After that, your Series 3 JNIOR should be as close to factory reset as possible!

Sometimes a JNIOR gets re-purposed.  A JNIOR was performing one task and now it is going to perform a new one.  You may want to clean up the JNIOR before configuring it for the new operation.  In this case we will want to sanitize the JNIOR.  To complete this task there will be two steps that will need to be performed.

First, we will need to “erase” the unit.  To do this we will execute the following command;

reboot -eraseall

After confirmation the JNIOR will erase itself.  It will be completely blank.  Only the operating system will be present.  All other software will be removed.  The title says reset to factory but the OS will still be the currently loaded version and will not revert to the version that was shipped.  The IP Address will also remain unaffected.  All other user configuration including the hostname will be cleared.

That leads into the second step.  You will need to get the software package that you wish to install and update the unit with that code.  Use the support tool and the Update tab to do this.


Support Tool 7.10 and the 2.1 All-In-One update project were the most recent versions when this picture was taken, please check for the latest versions before downloading.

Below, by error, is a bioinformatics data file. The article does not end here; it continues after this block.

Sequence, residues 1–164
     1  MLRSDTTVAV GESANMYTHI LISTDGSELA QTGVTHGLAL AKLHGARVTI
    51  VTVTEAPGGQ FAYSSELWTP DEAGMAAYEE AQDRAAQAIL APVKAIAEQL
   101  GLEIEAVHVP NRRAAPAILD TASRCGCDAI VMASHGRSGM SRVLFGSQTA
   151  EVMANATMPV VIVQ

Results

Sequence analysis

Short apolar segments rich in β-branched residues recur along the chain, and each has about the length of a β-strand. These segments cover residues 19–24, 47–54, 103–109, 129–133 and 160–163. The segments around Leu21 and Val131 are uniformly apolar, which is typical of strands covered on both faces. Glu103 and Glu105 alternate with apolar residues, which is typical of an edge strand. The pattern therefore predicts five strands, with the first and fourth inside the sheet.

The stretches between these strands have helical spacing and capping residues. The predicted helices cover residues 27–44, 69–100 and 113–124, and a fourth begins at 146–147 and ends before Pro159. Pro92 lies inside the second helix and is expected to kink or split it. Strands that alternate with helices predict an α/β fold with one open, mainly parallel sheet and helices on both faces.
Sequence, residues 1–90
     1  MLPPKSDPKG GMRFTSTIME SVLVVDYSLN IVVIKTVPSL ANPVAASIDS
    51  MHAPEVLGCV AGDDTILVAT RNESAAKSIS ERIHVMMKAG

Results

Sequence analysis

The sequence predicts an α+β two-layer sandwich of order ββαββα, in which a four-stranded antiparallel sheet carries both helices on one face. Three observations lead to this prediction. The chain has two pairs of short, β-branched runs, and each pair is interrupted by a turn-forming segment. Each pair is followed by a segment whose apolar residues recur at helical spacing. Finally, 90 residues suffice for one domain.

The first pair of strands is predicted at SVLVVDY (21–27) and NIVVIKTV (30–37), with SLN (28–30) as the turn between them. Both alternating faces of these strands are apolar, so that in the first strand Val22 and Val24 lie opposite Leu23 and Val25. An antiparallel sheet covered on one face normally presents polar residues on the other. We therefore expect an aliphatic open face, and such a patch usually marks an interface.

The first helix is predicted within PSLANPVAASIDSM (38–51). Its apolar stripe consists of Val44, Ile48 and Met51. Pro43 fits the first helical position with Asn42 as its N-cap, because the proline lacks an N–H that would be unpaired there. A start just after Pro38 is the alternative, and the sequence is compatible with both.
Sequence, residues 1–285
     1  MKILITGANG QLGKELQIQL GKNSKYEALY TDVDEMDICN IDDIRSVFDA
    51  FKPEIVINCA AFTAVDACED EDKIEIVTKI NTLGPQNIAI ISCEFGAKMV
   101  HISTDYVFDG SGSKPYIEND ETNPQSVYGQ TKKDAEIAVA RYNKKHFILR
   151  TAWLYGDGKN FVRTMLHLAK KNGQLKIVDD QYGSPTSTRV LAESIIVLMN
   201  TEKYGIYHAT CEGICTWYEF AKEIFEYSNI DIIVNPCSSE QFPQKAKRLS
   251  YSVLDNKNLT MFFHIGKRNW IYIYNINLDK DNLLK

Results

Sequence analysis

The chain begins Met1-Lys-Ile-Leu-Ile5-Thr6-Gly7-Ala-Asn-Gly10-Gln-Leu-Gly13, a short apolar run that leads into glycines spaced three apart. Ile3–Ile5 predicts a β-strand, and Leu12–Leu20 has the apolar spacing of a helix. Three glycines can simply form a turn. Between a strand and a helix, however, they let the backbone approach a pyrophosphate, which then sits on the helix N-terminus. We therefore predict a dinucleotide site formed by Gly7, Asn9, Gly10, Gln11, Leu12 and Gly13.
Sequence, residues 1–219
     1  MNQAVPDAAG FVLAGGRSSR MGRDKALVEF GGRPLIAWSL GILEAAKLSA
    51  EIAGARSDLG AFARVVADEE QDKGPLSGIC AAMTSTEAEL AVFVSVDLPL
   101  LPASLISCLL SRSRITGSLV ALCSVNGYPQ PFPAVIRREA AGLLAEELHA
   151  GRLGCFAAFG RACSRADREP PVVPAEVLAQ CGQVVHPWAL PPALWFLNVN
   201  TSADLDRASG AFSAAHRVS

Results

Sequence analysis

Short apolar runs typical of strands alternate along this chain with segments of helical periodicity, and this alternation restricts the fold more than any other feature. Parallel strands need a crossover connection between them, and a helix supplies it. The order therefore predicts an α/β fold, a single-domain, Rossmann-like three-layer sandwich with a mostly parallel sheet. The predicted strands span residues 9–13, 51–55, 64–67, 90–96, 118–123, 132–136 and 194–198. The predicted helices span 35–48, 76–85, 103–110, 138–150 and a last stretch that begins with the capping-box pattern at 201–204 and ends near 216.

After doing a factory reset, we recommend updating a JNIOR with the latest JANOS All-In-One update project. Updating this to your JNIOR will restore Web UI functionality for configuring your JNIOR, as well as return applications that came with the JNIOR when it was built.

If it ain't broke... Don't fix it!

I fully understand this mentality. Believe me. I am still using the Summer 9 version of Altium to lay out PCBs here at INTEG. It’s like a half dozen years old. Meanwhile, that company continues to generate updates and new versions. They are also painfully charging for them. How many times have you paid for an update and except for the version number you don’t see any difference or don’t need what happens to be new? Meanwhile, Microsoft updates your PC overnight and the next day something isn’t working. And now you need to pay monthly for something that you had bought years before. I could rant on. But there is no reason to be phobic and roll back your JNIORs to older versions of JANOS just because you have not had the time to test.

But the Series 4 JNIOR updates are a different matter. In addition to the hardware, JANOS and its updates are my responsibility. Trust me there is a good reason we recommend that you update. Every new version of JANOS corrects a handful of critical bugs. There are often performance enhancements. New features augment what you already have. Everything that ran before will run now as legacy compatibility is paramount. And we DO NOT charge a dime for updates.